A Community Devoted to the Preservation and Practice of Celestial Navigation and Other Methods of Traditional Wayfinding
From: David Pike
Date: 2015 Apr 15, 00:31 -0700
Lu wrote. I think that pretty well summarizes it. Technically, a RB expressed as an angle is always 0-360 clockwise from the bow. But you can make it "to the port/starboard" by making it clear that you are expressing things that way.
Here's another variation, as a small boy in the 1950s, after conning my way into all the classic films of WW2 naval encounters, true and fictional, I'm sure I remember the terms red and green being used by the Royal Navy. e.g. "Submarine red three zero!" for thirty degrees off the port bow, or did I just imagine it?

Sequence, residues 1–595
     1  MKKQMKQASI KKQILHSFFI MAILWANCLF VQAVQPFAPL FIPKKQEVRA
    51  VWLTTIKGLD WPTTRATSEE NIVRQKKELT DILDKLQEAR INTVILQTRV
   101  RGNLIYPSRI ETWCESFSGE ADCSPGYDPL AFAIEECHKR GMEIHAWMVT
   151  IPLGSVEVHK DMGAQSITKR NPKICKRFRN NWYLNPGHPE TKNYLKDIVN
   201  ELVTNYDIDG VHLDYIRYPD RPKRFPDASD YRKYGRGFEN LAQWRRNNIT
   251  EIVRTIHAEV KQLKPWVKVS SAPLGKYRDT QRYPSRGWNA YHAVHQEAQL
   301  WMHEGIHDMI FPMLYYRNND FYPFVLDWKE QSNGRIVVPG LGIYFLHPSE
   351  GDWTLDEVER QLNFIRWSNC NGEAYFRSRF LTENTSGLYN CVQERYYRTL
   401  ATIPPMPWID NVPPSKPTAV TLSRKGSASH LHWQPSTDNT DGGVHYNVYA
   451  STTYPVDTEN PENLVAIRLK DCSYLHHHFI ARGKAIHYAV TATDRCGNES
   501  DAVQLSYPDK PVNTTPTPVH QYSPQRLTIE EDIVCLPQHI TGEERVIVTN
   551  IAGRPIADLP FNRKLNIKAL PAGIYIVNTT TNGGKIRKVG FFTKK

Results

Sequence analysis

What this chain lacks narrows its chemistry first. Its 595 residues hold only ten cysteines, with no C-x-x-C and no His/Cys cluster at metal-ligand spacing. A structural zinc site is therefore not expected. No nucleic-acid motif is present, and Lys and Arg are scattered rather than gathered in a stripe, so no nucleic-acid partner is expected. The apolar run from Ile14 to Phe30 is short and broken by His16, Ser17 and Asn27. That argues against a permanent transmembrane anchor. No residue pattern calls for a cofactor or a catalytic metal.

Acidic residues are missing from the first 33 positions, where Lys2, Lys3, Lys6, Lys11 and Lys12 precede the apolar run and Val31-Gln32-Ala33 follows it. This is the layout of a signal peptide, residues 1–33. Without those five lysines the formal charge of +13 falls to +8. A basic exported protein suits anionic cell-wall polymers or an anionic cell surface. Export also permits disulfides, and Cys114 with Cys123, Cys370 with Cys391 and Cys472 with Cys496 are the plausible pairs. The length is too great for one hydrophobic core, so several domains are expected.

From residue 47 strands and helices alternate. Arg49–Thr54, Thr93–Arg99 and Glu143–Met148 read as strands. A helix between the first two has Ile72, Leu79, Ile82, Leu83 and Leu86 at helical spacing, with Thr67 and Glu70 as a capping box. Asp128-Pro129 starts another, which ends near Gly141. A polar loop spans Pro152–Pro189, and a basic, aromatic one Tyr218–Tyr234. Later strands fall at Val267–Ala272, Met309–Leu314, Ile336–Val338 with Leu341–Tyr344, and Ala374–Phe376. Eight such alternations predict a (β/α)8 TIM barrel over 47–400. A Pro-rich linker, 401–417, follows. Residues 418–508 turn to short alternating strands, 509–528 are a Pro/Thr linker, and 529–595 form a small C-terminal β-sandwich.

In RAF navigators' logs, bearings were always written 001 clockwise to 360. The type of bearing was always written last e.g. 045C, 045M, 045T, 045Rel. E.g. to plot a position line from a bearing on distant feature taken using an Astro Compass MkII with the heading arrow set to zero* whilst heading 060T, you would write X brs 045Rel + 060T = 105 + 180 Plot 285T. Dave *Although North was always printed 0 on aircraft compasses, if we wanted that heading we always asked for 360.